Installing achemso and siunitx

A question that comes up from time to time is how to install one or other of my packages, usually either achemso or siunitx. While both are essentially standard LaTeX packages (no weird files or binaries needed), there are still soem stumbling blocks that cause issues. So I thought a few notes by be useful here.

Installing as part of an up to date TeX system

By far the easiest way to install my LaTeX packages is to get them as part an up to date TeX system. Both MikTeX 2.9 and TeX Live 2010 include all of my general packages. MiKTeX is of course Windows-only, but TeX Live can be installed on Windows, Mac OS X and Linux. After installation, doing an on-line update should grab all of the latest packages from CTAN. Both MiKTeX and TeX Live include graphical update programs, so this is not such a difficult process nowadays.

Mac users may well prefer MacTeX over plain TeX Live, but MacTeX is built on top of TeX Live and so the same ideas apply. You can install either TeX Live or MacTeX and get the same basic functionality.

For Linux users, it’s worth noting that popular Linux distributions tend to include old versions of TeX Live (or even teTeX), rather than TeX Live 2010. So if you want an up-to-date TeX system you’ll be better off ignoring your Linux package manager and grabbing TeX Live directly.

One thing to do if you update your TeX system is to check any locally-installed files you might have (see the next section for more about local installation). These will be in `~/texmf` on Linux, `~/Library/texmf` on a Mac and (probably) `%USERPROFILE%\texmf` on Windows. One problem I see from time to time is that users of achemso have installed some of the BibTeX styles locally, then update the main package and all sorts of things go wrong. So do check carefully on any local files: they might be outdated by a new TeX system.

Installing using the TDS zip files

The method above is fine if you are happy installing an entirely new TeX system, but if all you need is access to one of my packages then it is probably over-kill. For these users, I provide ready-to-install zip files on CTAN. For achemso, you need achemso.tds.zip, while for siunitx users you probably need

The idea with these files is that I have set them up with documentation, ready to use LaTeX styles and all of the support files. All that needs to happen with them is to unzip them inside your local TeX directory and tell TeX about them.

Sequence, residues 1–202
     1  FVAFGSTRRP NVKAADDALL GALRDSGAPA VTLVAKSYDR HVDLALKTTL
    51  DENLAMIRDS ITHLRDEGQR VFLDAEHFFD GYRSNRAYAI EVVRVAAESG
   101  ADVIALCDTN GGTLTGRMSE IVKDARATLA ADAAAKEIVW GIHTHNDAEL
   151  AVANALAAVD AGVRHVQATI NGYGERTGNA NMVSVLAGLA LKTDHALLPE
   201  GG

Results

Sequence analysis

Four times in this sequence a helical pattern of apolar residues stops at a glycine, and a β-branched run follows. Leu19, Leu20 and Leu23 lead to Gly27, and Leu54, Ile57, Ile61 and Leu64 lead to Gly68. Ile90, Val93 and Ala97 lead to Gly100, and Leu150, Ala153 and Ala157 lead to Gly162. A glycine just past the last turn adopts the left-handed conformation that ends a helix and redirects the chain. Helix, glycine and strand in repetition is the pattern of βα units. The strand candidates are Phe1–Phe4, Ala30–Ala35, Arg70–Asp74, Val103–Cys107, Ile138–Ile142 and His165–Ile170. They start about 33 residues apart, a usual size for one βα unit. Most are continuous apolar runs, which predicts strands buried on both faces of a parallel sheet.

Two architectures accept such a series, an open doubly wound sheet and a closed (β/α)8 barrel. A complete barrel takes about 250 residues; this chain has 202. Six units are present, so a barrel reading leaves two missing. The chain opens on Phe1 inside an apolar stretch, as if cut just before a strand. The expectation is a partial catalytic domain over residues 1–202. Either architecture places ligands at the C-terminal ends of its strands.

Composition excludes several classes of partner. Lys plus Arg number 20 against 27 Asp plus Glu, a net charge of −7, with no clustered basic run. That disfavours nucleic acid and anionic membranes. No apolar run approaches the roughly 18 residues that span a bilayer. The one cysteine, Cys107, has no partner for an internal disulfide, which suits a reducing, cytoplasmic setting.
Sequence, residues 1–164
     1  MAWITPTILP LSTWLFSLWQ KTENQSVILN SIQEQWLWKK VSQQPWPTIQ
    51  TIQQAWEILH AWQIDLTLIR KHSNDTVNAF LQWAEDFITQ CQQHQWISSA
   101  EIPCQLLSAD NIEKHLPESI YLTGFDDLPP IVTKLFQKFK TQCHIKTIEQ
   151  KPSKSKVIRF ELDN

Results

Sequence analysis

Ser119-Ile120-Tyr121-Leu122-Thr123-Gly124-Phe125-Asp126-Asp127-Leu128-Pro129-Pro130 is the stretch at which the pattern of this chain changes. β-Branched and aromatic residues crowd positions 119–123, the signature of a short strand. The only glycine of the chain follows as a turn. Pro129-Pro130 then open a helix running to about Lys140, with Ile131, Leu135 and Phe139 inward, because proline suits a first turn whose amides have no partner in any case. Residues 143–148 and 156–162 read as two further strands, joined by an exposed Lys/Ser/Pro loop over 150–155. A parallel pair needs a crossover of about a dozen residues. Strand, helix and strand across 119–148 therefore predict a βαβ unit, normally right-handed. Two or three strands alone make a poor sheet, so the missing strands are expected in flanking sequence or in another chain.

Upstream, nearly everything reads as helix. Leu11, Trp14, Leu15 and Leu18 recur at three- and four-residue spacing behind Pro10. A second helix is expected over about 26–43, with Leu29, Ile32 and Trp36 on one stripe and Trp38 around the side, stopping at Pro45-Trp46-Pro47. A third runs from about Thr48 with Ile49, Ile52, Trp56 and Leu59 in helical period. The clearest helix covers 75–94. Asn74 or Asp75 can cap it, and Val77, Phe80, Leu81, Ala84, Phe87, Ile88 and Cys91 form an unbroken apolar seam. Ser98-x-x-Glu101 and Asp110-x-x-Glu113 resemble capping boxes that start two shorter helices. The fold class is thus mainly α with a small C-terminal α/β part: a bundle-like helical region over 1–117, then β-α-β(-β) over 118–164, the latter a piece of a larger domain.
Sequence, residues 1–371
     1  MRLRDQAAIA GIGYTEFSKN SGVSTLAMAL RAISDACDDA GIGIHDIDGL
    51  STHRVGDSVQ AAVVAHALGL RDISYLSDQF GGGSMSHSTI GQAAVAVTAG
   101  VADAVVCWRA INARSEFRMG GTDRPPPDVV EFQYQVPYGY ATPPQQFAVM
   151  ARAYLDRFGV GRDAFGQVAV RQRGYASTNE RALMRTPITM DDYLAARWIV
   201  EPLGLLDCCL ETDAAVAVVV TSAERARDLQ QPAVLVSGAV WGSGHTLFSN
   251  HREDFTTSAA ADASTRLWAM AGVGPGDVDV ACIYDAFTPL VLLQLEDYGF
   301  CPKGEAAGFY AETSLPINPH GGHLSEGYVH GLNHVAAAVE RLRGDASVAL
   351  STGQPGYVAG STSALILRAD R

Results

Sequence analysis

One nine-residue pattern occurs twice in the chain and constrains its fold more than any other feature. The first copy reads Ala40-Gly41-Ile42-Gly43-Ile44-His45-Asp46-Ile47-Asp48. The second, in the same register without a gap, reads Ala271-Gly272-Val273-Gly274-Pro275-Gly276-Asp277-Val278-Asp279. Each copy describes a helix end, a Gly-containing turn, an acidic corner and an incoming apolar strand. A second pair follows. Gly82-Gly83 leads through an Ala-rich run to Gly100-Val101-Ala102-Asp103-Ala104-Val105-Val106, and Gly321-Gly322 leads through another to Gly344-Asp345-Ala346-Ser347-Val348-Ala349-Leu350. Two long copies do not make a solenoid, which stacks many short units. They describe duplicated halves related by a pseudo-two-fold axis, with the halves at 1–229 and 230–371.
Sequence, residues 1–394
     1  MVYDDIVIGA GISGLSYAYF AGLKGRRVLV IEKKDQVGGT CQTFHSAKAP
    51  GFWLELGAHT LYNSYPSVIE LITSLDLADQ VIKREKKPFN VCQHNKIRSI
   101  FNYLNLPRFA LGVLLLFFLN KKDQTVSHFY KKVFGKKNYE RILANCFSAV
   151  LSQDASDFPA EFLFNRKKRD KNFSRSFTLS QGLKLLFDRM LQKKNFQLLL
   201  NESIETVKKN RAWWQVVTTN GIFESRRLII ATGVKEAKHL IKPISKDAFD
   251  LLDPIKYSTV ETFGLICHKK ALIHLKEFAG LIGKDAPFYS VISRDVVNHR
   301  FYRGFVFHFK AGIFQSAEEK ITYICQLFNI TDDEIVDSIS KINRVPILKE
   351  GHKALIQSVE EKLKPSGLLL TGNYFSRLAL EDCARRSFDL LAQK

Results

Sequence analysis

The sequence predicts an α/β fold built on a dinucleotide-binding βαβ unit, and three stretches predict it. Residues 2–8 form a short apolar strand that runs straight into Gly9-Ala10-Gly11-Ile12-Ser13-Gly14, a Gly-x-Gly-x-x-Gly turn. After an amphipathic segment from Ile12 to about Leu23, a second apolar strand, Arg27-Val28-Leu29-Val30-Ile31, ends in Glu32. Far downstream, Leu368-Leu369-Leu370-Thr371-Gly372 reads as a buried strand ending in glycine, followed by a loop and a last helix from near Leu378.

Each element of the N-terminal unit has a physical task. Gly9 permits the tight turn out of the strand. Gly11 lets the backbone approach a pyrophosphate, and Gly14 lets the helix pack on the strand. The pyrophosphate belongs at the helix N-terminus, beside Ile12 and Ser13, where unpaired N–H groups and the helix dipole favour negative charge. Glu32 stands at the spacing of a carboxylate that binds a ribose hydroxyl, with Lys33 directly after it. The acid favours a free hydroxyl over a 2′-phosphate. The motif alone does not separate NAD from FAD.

Where the files should go depends a little on your operating system. The local directory (folder) is usually `~/texmf` on Linux, `~/Library/texmf` on a Mac and (probably) `%USERPROFILE%\texmf` on Windows. Here, `~` and `%USERPROFILE%` represent your home directory (folder). So on my Windows 7 PC, I have a folder

`C:\Users\joseph\texmf`

while on my Mac there is one at

`/Users/joseph/Library/texmf`

Whichever system you use, copy the appropriate zip files there and unzip. The result should be a structure which looks like

```texmf/tex/latex/achemso/achemso.sty
...
texmf/tex/latex/siunitx/siunitx.sty```

and so on. Of course, the exact structure will depend on which packages you install! What is important for installing siunitx is to also install expl3 and xpackages. If the versions do not match then trouble will not be far away.

To tell TeX about the new files, you need to run the program `texhash`. There is a graphical interface for this in both MiKTeX (Update File Name Database) and TeX Live. I find it easiest just to start a Command Prompt/Terminal and type

`texhash`

[For users with recent versions of TeX Live (2009 and 2010, I think), running `texhash` is actually not needed. However, it will not do any harm so you may as well run it.)

Installing from the dtx file

The traditional method to install a package is to unpack it from the dtx source. I’ve got to say that I only recommend this for experienced LaTeX users. While both achemso and siunitx are designed to be easy to unpack, life is more complex for expl3 and xpackages. So I’d strongly recommed using the TDS zip files unless you know a bit more about LaTeX!